Human Morality In Mark Twain's The Adventures Of Huckleberry Finn

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Jonathan Swift, a satirist and author who is best known for Gulliver’s Travels, once said: “I never wonder to see men wicked, but I often wonder to see them not ashamed.” Corrupt and dishonest people exist everywhere in the world, and as people have evolved as a culture, the lack of modest human dignity and shame has also increased and taken a form of its own. Denial and justification of blatant acts of violence and racism are forms of such social systems and behaviors that have come to be. In Mark Twain’s The Adventures of Huckleberry Finn, such a lack of human decency is expressed through the characterization of people who represent both elements of human folly and the flaws of society. Twain uses social satire to highlight the disparities …show more content…
As Huck debates whether or not he should turn Jim in, he reflects upon his own character: “That’s just the way: a person does a low down thing, and then he don’t want to take no consequences of it...That was my fix exactly” (160). Being able to admit to one’s faults is not a thing many people can do, especially in the South at that time, and this creates an environment in which wrongdoings are continually denied or go unacknowledged. Thus, Twain may be suggesting that denying one 's wrongdoings is an act even more shameful than actually committing them, as it creates an excuse to repeat offenses that intensify over time. When this happens, society begins to develop and normalize the idea of using violence to deal with everything. This is much like the mob mentality. The mob believes that it is seeking justice and enacting punishment, but the decisiveness, or rather, quick judgement of the mob seems to have hubristic tendencies. When Huck sees the Duke and King being tarred and feathered, he comments, “I was sorry for them poor pitiful rascals...Human beings can be …show more content…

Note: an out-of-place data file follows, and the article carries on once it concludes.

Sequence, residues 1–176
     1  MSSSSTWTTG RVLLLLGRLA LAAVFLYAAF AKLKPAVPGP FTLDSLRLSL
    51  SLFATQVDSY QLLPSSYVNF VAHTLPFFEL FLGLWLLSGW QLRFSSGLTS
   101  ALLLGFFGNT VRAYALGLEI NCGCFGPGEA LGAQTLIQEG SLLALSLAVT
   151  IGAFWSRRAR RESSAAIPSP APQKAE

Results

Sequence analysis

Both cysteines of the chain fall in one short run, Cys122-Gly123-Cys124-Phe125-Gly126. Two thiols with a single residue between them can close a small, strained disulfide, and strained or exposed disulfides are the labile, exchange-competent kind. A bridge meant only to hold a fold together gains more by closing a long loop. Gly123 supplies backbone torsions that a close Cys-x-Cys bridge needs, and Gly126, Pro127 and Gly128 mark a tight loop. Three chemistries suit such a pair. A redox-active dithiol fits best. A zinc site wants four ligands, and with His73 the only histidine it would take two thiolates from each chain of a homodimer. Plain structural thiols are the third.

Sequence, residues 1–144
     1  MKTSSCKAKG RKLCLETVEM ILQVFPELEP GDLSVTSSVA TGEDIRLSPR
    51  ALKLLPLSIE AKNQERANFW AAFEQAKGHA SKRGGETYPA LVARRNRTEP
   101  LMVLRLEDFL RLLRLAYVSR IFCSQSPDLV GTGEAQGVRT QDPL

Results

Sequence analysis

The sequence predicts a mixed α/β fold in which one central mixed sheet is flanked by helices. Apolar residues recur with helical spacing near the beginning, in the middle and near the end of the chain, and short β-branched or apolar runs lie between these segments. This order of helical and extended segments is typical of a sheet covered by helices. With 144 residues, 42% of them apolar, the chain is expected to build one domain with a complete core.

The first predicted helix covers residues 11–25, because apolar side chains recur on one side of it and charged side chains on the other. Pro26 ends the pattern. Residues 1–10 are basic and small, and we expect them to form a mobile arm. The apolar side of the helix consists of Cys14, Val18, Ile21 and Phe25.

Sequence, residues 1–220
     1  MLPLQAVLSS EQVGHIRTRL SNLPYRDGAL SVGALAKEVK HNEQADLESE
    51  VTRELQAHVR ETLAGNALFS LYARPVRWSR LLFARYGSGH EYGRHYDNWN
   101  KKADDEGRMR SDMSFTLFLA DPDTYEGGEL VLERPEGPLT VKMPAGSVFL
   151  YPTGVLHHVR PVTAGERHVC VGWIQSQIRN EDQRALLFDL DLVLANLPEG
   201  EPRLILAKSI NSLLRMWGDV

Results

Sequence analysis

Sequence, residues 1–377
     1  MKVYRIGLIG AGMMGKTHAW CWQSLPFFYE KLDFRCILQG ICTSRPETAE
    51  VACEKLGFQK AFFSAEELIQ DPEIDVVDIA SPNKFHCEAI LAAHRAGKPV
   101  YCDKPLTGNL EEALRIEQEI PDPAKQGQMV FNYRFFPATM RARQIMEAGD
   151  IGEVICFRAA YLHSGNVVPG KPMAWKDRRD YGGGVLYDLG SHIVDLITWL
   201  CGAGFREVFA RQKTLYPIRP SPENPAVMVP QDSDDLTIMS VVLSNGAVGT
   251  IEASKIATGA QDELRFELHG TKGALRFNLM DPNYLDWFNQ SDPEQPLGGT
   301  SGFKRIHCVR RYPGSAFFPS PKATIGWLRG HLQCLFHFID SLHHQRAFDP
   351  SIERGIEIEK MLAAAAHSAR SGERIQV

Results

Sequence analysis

Caught between his moral principles and the social norms, Huck struggles with his decision to help Jim: “I was a trembling, because I’d got to decide, forever, betwixt two things, and I knowed it. I studied a minute, sort of holding my breath, and says to myself: ‘All right, then, I’ll go to hell’– and tore it up. It was awful thoughts, but they was said” (162). Huck believes his morality leads to “awful thoughts,” and this irony suggests that the culture of racism is long standing and ingrained into society. Sloth and gluttony are human vices: the former pertains to laziness or failure to do what one should do, and the latter pertains to insatiation, which can also be interpreted as selfishness. Twain mocks the South as Huck depreciates himself, declaring that he will “go to hell” for ultimately seeing the humanity in Jim and wanting to help him. Thus, the culture of the South creates an environment that encourages the human vices while simultaneously redefining those vices so that what is morally incorrect is justifiable, and what is ethical is

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